© 2024. Randolph Hub. All Rights Reserved.


Alan Arkin as a Manhattan dentist in “The In-Laws,” a hilarious comedy from 1979. 

Mr. Movie: Alan Arkin

Alan Arkin died recently at 89. He was a true Renaissance man and his movie credits are long and noteworthy. He was nominated for Oscar four times and won once.


His first important part in a significant film was in the heart-breaking The Heart Is A Lonely Hunter (1968). Updated to the ’60s from Carson McCullers’ great novel, it is the story of people who are damaged in various ways trying to connect and make a life. Arkin plays Singer, a deaf mute. His only friend is mentally challenged Sprios, who gets committed to an institution. Singer moves into the Kelly household to be near his friend, and tries to make friends with their teen-age daughter Mick. Arkin’s performance is just stunning. He was nominated for Oscar but lost to Cliff Robertson, who won for Charly.


Arkin has the starring role as Yossarian in Catch-22 (1970), adapted by Mike Nichols and Buck Henry from Joseph Heller’s dark comedy about World War II. The adaptation was a herculean task because there are so many characters and so many stories. On the whole, I think it succeeds and Arkin is in good company with Bob Balaban, Martin Balsam, Richard Benjamin, Art Garfunkel, Bob Newhart and even Orson Welles. Catch-22 has become a modern idiom for can’t win situations.


Little Murders (1971) is a difficult film from a difficult book by Jules Feiffer. Alan Arkin directed this film and appears in a minor role as Lieutenant Practice. It chronicles life, and death, in NYC where people try to live and seem to get dead for no apparent reason. Elliott Gould is featured as a man who apparently can’t feel pain — or pleasure. This film is not to casually dip into, but worth the trouble if you stay with it.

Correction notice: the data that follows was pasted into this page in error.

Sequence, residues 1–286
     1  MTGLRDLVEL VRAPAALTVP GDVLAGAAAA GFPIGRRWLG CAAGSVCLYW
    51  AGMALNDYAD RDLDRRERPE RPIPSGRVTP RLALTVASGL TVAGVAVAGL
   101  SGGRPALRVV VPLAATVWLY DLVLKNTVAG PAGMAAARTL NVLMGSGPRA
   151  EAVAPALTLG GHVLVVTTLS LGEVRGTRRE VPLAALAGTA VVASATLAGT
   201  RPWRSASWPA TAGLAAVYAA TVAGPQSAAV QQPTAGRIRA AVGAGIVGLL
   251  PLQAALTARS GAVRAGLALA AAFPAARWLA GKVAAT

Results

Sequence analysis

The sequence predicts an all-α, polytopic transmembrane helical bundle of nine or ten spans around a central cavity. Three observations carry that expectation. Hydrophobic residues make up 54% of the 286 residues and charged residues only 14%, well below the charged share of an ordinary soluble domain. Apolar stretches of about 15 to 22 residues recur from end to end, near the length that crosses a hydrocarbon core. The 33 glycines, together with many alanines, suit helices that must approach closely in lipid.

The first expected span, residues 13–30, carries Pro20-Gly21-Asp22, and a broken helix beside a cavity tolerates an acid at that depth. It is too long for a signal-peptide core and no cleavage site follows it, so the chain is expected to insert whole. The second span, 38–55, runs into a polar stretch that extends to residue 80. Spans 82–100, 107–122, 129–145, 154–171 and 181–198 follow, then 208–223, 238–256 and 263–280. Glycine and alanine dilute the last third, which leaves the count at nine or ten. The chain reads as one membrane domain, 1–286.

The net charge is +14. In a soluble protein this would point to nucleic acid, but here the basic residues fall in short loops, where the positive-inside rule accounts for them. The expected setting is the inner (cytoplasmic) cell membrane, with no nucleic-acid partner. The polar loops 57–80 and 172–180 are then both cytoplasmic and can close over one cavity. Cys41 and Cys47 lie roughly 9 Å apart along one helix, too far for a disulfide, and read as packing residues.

Last of the Red Hot Lovers (1972), adapted from Neil Simon’s Broadway hit, stars Alan Arkin as a stumbling middle-aged husband trying in vain to have an affair. It’s not a great play, or movie, but has some laughs and Arkin is good as a guy who just does not get it (pun intended!)


The In-Laws (1979) stars Arkin (as Shelly) and Peter Falk (CIA man Vince Ricardo) as fathers of a bride and groom-to-be. The plot is the classic innocent man getting involved in shenanigans as Vince ropes the helpless Shelly into increasingly bizarre and dangerous situations. Shelly tries in vain to convince his daughter not to marry into this questionable family. You can find out if he was right!


All of the movies in this article are available on DVD. All are really for grown-ups. And, oh yes, there are lots more Arkin movies. Stay tuned.